We scrub only with 6-inch squares of berber carpet, which are supper cheap, more effective than Scotch Brite pads, and very gentle on the paint. They are easy to hold with rubber faced gloves. Three stars for that suggestion from a professional hull cleaner. If you encounter barnacles, the best low-impact and easy-to-use scraper is made from either 1/8-inch HDPE sheet or the cheapo plastic drywall mud tools from Home Depot: split an 18-inch length of broom stick with a saw, slide the scraper blade in sans handle, and secure with a screw. They float, give good reach and leverage, and cause much less paint damage than the typical ice scraper (much harder plastic). The PO left a bunch of the scrapers on the boat, and I figured out the handles.
Interlux Micron 66 is strictly NOT recommended for the middle to upper Chesapeake Bay; only greater than 85% seawater. The factory stated that mass pealing was very likely, though we saw none of that. Perhaps this was the result of above average surface prep (Jessica is a great sander), but even so, we sanded heavily this time and went back to Micron Extra. We'll post again in 2 years, though we always got 2 years out of Micron Extra on our Stiletto 27, Cherokee Sun.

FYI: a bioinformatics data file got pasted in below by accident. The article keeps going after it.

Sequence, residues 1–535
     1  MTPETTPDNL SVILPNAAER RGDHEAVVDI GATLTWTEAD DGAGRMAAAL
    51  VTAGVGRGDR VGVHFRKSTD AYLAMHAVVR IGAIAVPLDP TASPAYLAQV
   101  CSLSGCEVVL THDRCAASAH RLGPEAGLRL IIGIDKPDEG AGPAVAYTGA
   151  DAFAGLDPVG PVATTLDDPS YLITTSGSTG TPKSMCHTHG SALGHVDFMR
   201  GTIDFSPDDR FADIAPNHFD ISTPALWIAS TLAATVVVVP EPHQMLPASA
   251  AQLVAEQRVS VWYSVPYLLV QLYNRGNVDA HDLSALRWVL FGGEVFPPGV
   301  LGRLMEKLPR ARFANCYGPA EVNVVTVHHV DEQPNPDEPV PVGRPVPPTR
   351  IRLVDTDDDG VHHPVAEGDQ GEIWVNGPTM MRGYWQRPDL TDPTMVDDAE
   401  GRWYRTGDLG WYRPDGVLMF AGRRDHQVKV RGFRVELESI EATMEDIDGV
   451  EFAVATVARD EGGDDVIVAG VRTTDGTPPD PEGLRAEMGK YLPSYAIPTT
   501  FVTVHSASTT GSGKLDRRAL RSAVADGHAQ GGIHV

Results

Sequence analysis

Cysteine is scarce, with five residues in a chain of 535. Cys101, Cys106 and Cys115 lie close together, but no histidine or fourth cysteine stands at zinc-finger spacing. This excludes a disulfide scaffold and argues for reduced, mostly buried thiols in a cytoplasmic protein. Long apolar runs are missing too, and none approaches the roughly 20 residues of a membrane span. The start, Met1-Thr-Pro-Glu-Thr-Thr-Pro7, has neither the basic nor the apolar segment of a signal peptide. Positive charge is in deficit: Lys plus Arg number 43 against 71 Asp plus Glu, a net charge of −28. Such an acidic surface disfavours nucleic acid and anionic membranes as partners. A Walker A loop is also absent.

Last time we hauled Shoal Survivor they gave us tiny little stickers that we hid next to rub rail, indicating the best sling placements. A good idea that saves some time and fiddling, and might help prevent crushing something important.
Other tasks, during our 2-day haul-out:
- Install FRP kick-up plates described in the last post.
- Sand, wire brush, and paint the submerged portion of the outboards. Serious pitting on the starboard engine.
- Install teak cockpit grate (separate post, coming soon).
Dedication: Jessica gets a gold star for prep sanding the entire bottom.